FSP Hyper K 700W Performance:

Test Rig:

CPU: Intel Core i5 8600K
Motherboard: Aorus Z370 Gaming 5
GPU Aorus GTX 1060 Gaming G1 3GB
RAM: ADATA XPG Spectrix D40 3200MHz 16GB CL16
SSD: PNY Optima 120GB for primary OS
HDD: Seagate Barracuda 1TB 7200RPM
HDD2:  Seagate Barracuda 750GB 7200RPM
PSU FSP Hyper K 700W
Chassis: Thermaltake View 31TG RGB
Cooling solution: Deepcool Castle 240 RGB AIO
Chassis Fans Deepcool MF120 x3

Reviewing a PSU properly requires special equipment which can cost a few hundred dollars. In our review, we will only be looking at the voltage stability of the PSU which can easily be done by a multi-meter. The multi-meter we used in our test was UNI-T UT202. But just for the peace of mind, we also measured the readings using the HWinfo64 software. However, the readings in the software aren’t too credible compared to our multi-meter test.

Minimum, maximum and average ratings were noted from both the meter and software. Both idle and load condition readings were noted. To put load on the system, we ran the Aida64 Extreme Stability test on all components. Readings were taken a few minutes into the stress test. These readings are for +3.3v, +5v and +12v lines. Our multi-meter has an error margin of 0.1% by 10mOhm.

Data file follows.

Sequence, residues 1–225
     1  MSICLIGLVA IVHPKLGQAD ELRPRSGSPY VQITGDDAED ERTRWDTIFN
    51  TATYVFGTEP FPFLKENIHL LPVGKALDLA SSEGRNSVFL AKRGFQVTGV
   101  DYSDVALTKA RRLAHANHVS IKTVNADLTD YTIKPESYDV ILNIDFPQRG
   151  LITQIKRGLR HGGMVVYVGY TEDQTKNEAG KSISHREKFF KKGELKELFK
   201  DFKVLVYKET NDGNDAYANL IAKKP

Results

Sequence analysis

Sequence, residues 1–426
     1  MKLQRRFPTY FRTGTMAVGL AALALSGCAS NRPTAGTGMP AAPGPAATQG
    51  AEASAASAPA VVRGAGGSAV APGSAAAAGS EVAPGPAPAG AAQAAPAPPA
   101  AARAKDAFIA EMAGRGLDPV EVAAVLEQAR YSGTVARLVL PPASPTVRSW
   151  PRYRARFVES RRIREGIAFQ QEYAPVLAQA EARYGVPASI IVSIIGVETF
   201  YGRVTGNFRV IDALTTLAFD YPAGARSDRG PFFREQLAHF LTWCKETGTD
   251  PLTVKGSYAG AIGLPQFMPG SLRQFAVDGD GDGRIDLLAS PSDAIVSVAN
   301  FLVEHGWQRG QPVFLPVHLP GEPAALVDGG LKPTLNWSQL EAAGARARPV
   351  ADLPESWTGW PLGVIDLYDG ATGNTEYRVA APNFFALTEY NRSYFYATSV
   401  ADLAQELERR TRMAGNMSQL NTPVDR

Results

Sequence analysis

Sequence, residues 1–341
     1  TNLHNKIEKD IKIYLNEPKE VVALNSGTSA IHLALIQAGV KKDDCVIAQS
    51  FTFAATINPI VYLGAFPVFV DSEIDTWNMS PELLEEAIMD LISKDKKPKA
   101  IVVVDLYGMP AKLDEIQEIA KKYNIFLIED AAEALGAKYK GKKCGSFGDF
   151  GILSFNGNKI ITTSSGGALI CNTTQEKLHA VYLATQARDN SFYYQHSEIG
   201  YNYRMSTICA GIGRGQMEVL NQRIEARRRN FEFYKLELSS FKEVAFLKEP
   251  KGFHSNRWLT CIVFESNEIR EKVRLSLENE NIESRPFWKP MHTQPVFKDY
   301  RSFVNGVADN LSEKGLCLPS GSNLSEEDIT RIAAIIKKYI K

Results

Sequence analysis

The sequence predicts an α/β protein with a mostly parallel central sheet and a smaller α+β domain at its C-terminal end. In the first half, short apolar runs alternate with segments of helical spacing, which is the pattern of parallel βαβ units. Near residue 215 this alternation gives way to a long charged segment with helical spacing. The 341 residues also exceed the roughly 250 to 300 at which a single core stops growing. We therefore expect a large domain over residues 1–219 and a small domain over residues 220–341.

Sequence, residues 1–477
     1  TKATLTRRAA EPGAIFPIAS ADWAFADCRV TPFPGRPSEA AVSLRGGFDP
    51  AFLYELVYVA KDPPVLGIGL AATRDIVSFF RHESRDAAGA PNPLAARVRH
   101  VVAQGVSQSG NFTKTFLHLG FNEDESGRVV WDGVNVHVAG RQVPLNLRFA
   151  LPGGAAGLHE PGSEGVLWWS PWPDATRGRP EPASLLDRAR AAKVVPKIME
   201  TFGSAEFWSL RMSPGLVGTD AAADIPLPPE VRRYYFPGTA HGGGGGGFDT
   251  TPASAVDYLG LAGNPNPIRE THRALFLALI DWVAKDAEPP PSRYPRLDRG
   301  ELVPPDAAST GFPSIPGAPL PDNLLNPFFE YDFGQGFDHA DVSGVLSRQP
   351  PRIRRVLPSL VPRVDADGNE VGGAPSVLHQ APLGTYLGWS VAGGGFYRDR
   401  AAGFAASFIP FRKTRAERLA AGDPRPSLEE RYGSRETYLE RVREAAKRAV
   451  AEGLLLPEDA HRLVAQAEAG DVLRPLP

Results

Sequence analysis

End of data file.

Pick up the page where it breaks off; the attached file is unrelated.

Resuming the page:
Note that neither the GPU nor CPU was overclocked in our testing. At idle condition, the system didn’t take more than 30w from CPU and GPU combined which is about 5% of the total value the PSU can handle. PSUs tend to be less efficient under 10% load unless it is 80+ Titanium rated. But when we stress tested the system with Aida64 Extreme, the system was taking 135W+ from the CPU and GPU combined. And that’s about 20% load of what the PSU can handle. This is where the 230v EU white rated PSU becomes 82% efficient. Which means if my system requires 135W, then the PSU is pulling almost 165W from the wall.


So as we can see, in the idle condition, the PSU voltage readings are a bit off the mark. But don’t make an immediate uninformed assumption as everything is still within the safe range of 5% difference from their rated values. Any PSU above 5% difference from the rated voltage on either line should be an immediate no go. According to our multi-meter, our +12v line is off by only 1.4% from its mark. While the +5v line performance is within 2% and our +3.3v line within 0.3%. Everything looks good for under 5% load of the PSU’s rated wattage. The minimum to maximum reading difference is also not too big which is a good sign of voltage stability.

And when we put some load on the system, things start looking even better, especially on the +3.3v line. Our +12v line has dropped within a range of 0.82% difference. While the +3.3v line shows a stable performance within 0-0.3% range. However, the +5v line performance doesn’t seem to have changed much.